Jihadists seize key port in gas-rich northern Mozambique

A bloody jihadist insurgency has been hindering the development of offshore gas reserves in the Cabo Delgado region since 2017.
Jihadists seized Mocimboa da Praia, a port city in the North of Mozambique rich in gas, on Wednesday 12th August, according to the local news site Moz24Horas, a military source confirmed to Agence France-Presse (AFP). Using a rocket launcher, the jihadists hit a boat in the port, according to the military source, who acknowledged that “the situation is complicated”.
The Mozambique Defence Forces (MDF) confirmed in the evening that “terrorists” had last week launched “coordinated attacks” on several villages near the port in an attempt to occupy the city. “At the moment, operations are under way to neutralize the terrorists who are using the populations of these areas as shields,” the FDS said in a statement.
The port of Mocimboa da Praia, located in the Cabo Delgado province, is about 80 km south of the Afungi Peninsula and is home to major facilities for the development of liquefied natural gas (LNG), one of the largest investments in Africa in which the French group Total is participating. The port is currently used for these gas activities, hence its importance in the region.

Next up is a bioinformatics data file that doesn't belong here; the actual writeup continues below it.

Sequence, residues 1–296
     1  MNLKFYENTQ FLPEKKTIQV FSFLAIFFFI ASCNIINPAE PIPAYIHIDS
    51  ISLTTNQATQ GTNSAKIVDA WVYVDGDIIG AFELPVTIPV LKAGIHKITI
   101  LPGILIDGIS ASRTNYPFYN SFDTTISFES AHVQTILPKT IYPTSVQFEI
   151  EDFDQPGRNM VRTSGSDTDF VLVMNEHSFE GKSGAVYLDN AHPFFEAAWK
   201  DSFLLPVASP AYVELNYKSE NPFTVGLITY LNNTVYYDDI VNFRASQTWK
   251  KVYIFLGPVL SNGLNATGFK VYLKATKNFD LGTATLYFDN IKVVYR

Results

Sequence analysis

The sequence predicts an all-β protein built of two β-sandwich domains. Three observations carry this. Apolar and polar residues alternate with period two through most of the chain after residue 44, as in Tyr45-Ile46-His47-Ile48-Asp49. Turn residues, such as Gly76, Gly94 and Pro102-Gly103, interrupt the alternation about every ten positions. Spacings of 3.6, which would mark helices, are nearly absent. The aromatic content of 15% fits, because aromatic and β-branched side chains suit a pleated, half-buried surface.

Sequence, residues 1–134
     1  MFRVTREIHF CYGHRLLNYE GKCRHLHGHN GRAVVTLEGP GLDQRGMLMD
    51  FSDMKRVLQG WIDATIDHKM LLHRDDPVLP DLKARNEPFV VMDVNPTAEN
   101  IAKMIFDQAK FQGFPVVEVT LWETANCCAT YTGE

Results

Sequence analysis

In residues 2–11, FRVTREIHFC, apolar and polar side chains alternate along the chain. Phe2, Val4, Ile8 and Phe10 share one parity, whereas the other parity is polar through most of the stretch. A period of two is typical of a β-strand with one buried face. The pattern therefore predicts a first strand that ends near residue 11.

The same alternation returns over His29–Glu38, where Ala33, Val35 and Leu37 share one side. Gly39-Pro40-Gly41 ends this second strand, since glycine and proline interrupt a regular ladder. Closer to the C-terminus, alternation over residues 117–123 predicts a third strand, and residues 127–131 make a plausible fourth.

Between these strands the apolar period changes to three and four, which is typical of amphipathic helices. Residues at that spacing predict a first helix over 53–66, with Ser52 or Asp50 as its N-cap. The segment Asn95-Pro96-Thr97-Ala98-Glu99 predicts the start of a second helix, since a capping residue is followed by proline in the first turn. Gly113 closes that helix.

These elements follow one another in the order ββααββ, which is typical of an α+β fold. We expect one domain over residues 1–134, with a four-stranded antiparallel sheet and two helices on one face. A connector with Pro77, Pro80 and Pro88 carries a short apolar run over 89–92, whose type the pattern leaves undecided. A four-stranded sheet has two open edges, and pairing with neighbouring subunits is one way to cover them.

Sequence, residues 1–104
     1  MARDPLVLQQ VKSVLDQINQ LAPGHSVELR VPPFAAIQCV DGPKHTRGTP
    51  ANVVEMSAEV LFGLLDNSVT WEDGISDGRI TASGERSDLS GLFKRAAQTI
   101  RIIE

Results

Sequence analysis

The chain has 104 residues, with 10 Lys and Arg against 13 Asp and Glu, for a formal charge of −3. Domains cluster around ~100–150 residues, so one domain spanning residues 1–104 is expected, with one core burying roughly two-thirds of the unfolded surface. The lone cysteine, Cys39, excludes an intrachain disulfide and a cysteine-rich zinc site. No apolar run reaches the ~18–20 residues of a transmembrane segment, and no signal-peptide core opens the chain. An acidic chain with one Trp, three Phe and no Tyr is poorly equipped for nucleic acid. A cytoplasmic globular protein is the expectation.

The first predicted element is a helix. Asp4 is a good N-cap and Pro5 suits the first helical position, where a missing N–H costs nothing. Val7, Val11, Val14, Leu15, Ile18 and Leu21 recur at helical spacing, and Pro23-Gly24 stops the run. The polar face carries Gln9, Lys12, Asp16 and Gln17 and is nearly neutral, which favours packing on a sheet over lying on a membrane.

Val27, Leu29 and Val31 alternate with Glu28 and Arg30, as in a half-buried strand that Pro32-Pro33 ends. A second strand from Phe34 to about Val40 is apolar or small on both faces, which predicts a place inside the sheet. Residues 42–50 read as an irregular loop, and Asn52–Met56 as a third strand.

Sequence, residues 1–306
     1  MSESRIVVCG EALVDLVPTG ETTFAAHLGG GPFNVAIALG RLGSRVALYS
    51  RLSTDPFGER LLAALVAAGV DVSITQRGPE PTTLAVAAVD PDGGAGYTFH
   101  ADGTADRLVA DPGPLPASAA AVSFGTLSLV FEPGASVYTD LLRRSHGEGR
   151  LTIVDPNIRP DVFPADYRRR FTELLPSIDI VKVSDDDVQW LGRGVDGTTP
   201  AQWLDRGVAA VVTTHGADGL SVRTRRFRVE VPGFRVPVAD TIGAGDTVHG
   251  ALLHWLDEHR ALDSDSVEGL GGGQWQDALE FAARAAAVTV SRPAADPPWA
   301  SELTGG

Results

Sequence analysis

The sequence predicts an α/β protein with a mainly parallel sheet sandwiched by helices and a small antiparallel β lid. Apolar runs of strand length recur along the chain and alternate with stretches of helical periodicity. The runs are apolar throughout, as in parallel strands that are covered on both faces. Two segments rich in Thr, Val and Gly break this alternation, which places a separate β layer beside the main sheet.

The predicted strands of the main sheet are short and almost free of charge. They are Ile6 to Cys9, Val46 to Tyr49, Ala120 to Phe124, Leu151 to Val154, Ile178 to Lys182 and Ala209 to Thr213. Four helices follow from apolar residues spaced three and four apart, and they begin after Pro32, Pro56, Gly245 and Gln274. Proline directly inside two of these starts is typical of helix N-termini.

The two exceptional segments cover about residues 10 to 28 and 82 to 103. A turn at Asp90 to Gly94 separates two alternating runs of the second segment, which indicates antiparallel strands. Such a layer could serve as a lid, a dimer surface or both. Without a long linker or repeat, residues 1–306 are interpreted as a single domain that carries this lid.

At the end of June, gunmen killed eight workers of a private construction company working for Total on its multi-billion dollar gas project in Cabo Delgado province. At the same time, jihadists had already attacked and temporarily occupied Mocimboa da Praia. A previous occupation of the city a few months earlier had caused a mass exodus of its inhabitants.
Since 2017, northern Mozambique has been the scene of a jihadist uprising that has claimed a thousand lives and hindered the development of the exploitation of its offshore gas reserves. Attacks on workers working on liquefied natural gas development projects have so far been rare. At least 1,300 people have already died as a result of the attacks in the region, according to the NGO The Armed Conflict Location & Event Data Project (ACLED), while UN estimates in May put the number of people displaced by the attacks at least 210,000.
In its latest report released Wednesday, ACLED writes that “insurgents and government security forces have been fighting more or less consistently in the region since the evening of August 5”. Despite the unrest in the region, Total said it would go ahead with its $23 billion gas project.